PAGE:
BUSD Addresses Pandemic-Era ‘Learning Loss’

(Photo courtesy Shutterstock.com / Halfpoint) - An assessment presented by Burbank Unified showed that among those students receiving intervention instruction since the pandemic, elementary students improved their grades as the year progressed while middle school pupils continued to struggle.

First published in the Sept. 10 print issue of the Burbank Leader.

It has been 2½ years since the coronavirus became a national emergency, and students across the nation are still reeling from the effects of monthslong distance learning.
The Burbank Unified District wasn’t immune to the fallout from the pandemic with a number of students struggling in English and math, but BUSD staff are already working with school administrators to mitigate the impacts virtual instruction had on its students.
Children who suffered a setback in their education as a result of distance learning is commonly referred to as “learning loss,” and the district is identifying those who need help by using an online assessment program called I-Ready that monitors student performance.
Robyn Anders, the district’s coordinator of instructional technology, recently presented to the Board of Education student performance data that showed elementary students were more successful than those in grades 6-8.
“We did have a lot of challenges in 2021-2022, and we responded to those quite well,” Anders said at a school board meeting on Aug. 18.
Through I-Ready, the district saw its elementary children receiving intervention instruction (a strategy from educators to help struggling pupils) improve in the second semester. Early in the school year, only 4.5% of the intervention cohort in grades 1-5 were performing at or grade level or exceeding in English, and that figure grew to 23.2% by the end.
The trend was the same in the subject of math among young intervention pupils. Only 1.2% performed at grade level or exceedingly early on, and by the end of the year, it was more than 17%.
“We need to pat our teachers on the back, our math departments and everyone who contributed to that [coming] out of the year of distance learning,” Anders said.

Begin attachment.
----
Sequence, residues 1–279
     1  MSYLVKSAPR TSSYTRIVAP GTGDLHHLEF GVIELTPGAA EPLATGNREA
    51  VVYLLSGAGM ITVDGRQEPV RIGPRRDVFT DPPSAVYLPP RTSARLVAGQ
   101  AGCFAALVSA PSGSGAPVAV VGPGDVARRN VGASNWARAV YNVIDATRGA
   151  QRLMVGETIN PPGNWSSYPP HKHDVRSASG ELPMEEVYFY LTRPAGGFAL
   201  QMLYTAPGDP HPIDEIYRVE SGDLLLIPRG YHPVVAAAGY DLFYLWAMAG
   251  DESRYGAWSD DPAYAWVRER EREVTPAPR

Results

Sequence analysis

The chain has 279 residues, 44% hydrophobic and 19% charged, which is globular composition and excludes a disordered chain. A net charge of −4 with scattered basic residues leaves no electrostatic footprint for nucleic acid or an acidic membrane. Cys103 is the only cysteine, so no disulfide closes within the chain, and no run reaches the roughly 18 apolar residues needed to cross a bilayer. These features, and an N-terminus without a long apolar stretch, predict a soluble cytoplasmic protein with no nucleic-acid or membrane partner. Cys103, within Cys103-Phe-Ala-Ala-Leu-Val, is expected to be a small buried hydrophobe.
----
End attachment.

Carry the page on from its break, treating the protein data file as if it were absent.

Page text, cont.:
As a whole, the elementary students performed well all things considered. Among the 3rd graders who took the state assessment exam called CAASPP, only 19% didn’t meet the standard in math and English, and the 4th and 5th graders weren’t far off in their results.
“We’re seeing growth in our students,” Anders said.
Unfortunately, the same could not be said for the middle-schoolers. Intervention students in grades 6-8 struggled in math with the percentage of Fs increasing from 16.3% in the first semester to 22.2% in the second.
“The I-Ready results for middle school aren’t as encouraging,” Anders acknowledged. “What you see is loss of middle ground. So, students either moved up or they moved down, and that’s something to look at. And I think it’s also something for us to know that there’s still work to be done, especially for those students that maybe were struggling at the end of the year.”
Anders assured the board that district staff and site administrators that they were able to identify students who require intervention instruction much earlier in the semester and develop strategies for them thanks to the I-Ready program.
Steve Ferguson, board vice president, requested that staff not only work closely with school administrators but also parent leaders from each site.
“My concern is that communication is being routinely escalated as a problem, and so what I’m introducing here is a possibility to where we could tailor it to allow parents to participate in how we are communicating with them.”